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Things seem good from what you've told us (lots of info, well done) so I'd surmise the green algae is too much light and/or too much light and nutrients. The plants will use the available nutrients if the light and carbon (CO2 from the fish) are sufficient to balance. If CO2 is the limiting factor, then the light and nutrients, or just the light, may be too much. And that's when algae slips in to use it. Algae has the advantage over most (but not all) plants of being able to easily assimilate carbon from carbonates as well as CO2. Most plants prefer the latter.
I would reduce the light by using a timer to have it on no more than 8 hours. One trick that works for some is to have a "siesta" mid-day. Lights on for 5 hours, off for 2, then on for 5-6. A timer can achieve this. Also, regular light period is better for the plants and fish. And plants need 10 hours of total darkness each night, so a timer is a good investment.
How often do you use the liquid fertilizer? If the plants are growing fine, you may be able to reduce fertilization. But I don't recommend this on its own, since the plants need the nutrients and if they are reduced below what will balance the light and CO2 then the plants won't be better and algae will have a further advantage.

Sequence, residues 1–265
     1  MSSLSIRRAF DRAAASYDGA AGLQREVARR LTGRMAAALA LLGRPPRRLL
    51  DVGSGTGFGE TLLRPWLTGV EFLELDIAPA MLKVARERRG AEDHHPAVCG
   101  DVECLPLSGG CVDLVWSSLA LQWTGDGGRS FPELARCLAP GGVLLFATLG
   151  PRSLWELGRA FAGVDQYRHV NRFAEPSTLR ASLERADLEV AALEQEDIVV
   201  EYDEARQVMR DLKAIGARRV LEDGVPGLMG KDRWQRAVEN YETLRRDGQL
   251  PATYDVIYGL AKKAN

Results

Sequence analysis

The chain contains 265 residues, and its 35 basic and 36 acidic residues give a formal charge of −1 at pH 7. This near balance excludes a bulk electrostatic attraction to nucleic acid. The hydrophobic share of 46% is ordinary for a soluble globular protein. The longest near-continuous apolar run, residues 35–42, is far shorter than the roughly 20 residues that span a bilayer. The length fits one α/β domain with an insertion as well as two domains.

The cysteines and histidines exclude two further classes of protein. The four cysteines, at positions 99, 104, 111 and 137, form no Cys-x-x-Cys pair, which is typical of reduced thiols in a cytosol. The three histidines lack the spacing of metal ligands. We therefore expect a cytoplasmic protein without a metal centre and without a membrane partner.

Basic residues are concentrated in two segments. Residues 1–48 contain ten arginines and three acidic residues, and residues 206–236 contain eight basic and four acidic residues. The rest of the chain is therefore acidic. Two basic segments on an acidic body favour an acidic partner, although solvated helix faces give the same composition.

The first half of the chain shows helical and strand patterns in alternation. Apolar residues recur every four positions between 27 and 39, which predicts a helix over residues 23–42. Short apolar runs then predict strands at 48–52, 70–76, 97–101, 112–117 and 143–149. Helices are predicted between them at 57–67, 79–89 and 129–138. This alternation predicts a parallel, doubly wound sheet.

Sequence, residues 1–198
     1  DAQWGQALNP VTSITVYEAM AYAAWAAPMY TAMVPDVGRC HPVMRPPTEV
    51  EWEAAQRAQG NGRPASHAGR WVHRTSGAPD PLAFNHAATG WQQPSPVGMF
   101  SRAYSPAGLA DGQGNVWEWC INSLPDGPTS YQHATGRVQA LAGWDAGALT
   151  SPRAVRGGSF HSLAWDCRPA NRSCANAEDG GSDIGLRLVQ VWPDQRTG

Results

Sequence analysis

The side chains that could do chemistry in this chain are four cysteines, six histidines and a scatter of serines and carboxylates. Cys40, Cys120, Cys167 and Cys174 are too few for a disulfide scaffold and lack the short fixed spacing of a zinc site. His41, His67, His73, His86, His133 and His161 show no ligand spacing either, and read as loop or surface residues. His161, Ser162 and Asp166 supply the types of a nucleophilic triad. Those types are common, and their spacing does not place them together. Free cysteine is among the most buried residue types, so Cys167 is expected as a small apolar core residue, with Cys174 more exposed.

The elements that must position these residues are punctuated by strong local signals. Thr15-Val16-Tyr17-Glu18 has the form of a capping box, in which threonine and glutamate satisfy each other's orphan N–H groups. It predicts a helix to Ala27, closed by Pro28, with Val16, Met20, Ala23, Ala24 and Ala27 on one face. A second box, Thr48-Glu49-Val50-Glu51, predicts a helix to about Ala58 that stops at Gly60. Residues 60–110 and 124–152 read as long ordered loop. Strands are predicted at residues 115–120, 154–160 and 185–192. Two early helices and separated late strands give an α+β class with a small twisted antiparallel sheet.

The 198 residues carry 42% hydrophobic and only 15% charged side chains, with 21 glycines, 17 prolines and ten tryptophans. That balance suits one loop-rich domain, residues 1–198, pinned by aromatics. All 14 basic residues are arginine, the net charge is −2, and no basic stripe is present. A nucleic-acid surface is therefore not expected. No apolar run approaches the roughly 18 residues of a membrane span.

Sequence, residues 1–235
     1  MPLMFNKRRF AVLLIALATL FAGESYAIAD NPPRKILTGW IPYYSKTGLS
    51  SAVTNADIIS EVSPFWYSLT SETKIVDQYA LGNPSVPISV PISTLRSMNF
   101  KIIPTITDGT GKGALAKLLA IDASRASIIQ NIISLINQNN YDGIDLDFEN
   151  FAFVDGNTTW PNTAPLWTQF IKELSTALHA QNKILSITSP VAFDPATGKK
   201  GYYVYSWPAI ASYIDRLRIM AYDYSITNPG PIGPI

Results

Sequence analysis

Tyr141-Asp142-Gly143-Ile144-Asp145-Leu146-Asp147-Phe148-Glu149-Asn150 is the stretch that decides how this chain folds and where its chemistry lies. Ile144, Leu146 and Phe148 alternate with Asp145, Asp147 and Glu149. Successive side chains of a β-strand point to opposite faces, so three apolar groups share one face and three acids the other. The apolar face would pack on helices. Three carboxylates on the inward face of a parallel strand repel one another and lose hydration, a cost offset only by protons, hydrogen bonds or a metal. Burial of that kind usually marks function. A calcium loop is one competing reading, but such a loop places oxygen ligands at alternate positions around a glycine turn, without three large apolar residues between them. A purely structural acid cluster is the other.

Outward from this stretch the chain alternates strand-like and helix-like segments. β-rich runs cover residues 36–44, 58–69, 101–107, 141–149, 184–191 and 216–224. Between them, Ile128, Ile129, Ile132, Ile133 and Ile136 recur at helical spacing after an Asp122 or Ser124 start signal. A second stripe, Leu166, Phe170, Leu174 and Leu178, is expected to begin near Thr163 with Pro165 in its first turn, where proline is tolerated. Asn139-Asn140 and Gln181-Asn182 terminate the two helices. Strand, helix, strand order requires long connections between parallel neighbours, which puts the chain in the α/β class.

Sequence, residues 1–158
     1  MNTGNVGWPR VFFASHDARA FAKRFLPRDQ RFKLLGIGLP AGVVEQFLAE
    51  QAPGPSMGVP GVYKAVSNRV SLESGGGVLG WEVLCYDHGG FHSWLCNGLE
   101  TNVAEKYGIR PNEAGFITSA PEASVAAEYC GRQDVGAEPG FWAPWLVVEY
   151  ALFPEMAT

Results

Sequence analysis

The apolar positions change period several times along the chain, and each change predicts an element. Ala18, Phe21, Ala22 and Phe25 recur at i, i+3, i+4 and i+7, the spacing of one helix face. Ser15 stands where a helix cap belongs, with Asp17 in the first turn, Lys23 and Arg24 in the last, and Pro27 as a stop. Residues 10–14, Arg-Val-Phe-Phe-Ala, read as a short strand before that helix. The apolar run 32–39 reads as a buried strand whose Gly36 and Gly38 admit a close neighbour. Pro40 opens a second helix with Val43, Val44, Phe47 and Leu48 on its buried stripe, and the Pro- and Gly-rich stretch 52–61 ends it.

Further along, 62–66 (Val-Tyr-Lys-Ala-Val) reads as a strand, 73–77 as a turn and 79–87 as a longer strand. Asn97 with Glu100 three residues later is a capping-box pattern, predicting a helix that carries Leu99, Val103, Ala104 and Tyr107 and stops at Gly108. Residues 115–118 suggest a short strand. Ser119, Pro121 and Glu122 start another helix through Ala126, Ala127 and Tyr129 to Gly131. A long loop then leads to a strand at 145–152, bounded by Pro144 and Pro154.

The brown algae is common in new tanks, say 3-4 months. After that, it should not be back. Green is always with us. Is it really a "slime" in which case it is cyanobacteria (not a true algae), or just a green coating that scrapes off? The cyanobacteria easily comes off with your fingers and is definitely a slime. The algae usually takes some scraping and doesn't come off as slimy sheets.
12-28-2009, 07:51 PM
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Originally Posted by mrdemin
The green comes right off the glass. If I take a really close look it looks like tiny little hairs. I will go see if I can find a timer somewhere local. As for the fert, I use it once a week after the pwc.
It does look like the brown algea has been non existant for at least 2-3 weeks now, but this black fuzzy stuff on one of the plants is scaring me, it looks like its black.
I will try the siesta and continue adding the supplement once a week (will probably switch brands though).
I took some pics, but I will try to get them up tonight, I just do not feel like resizing them now!
The green is regular algae, not cyanobacteria. Every tank has it, it will appear as a dot on the glass and then slowly spread. It's never caused me any problems, I use a scraper to remove it from the glass. But getting the balance set will make it less. Ferts are fine I would think, wouldn't change there, just reduce the light a bit.
The black is probably brush algae; it is actually "red" but it always looks black to me. The light especially if you do the siesta should take care of this. Also adding CO2 sometimes works, you can use Seachem's "Excel" which is a liquid carbon supplement that has got rid of brush algae for some on here. I prefer to just let it be, it is on the wood and when it attacks a plant leaf I remove the leaf if it's bad. It's always present but only once back in 1997 did I ever have it bad, and then I just worked on it and after a couple months it subsided.